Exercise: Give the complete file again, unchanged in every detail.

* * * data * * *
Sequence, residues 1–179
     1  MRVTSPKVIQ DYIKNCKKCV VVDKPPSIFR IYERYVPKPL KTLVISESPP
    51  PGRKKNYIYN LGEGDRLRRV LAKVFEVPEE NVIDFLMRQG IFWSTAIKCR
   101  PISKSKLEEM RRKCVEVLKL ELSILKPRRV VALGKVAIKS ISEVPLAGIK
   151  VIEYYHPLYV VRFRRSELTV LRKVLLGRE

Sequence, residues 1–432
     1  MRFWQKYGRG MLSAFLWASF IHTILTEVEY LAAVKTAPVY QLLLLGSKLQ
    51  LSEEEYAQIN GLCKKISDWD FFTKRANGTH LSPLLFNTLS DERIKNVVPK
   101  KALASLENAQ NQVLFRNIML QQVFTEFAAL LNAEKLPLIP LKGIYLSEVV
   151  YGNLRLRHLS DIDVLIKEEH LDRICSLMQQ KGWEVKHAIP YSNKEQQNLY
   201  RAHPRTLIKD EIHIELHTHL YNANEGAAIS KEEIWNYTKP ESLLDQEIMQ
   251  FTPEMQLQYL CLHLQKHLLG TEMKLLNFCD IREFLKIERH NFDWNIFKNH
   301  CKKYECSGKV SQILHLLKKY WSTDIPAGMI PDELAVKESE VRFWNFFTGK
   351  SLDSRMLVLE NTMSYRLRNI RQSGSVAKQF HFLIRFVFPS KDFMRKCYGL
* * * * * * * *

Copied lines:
Sequence, residues 1–179
     1  MRVTSPKVIQ DYIKNCKKCV VVDKPPSIFR IYERYVPKPL KTLVISESPP
    51  PGRKKNYIYN LGEGDRLRRV LAKVFEVPEE NVIDFLMRQG IFWSTAIKCR
   101  PISKSKLEEM RRKCVEVLKL ELSILKPRRV VALGKVAIKS ISEVPLAGIK
   151  VIEYYHPLYV VRFRRSELTV LRKVLLGRE

Sequence, residues 1–432
     1  MRFWQKYGRG MLSAFLWASF IHTILTEVEY LAAVKTAPVY QLLLLGSKLQ
    51  LSEEEYAQIN GLCKKISDWD FFTKRANGTH LSPLLFNTLS DERIKNVVPK
   101  KALASLENAQ NQVLFRNIML QQVFTEFAAL LNAEKLPLIP LKGIYLSEVV
   151  YGNLRLRHLS DIDVLIKEEH LDRICSLMQQ KGWEVKHAIP YSNKEQQNLY
   201  RAHPRTLIKD EIHIELHTHL YNANEGAAIS KEEIWNYTKP ESLLDQEIMQ
   251  FTPEMQLQYL CLHLQKHLLG TEMKLLNFCD IREFLKIERH NFDWNIFKNH
   301  CKKYECSGKV SQILHLLKKY WSTDIPAGMI PDELAVKESE VRFWNFFTGK
   351  SLDSRMLVLE NTMSYRLRNI RQSGSVAKQF HFLIRFVFPS KDFMRKCYGL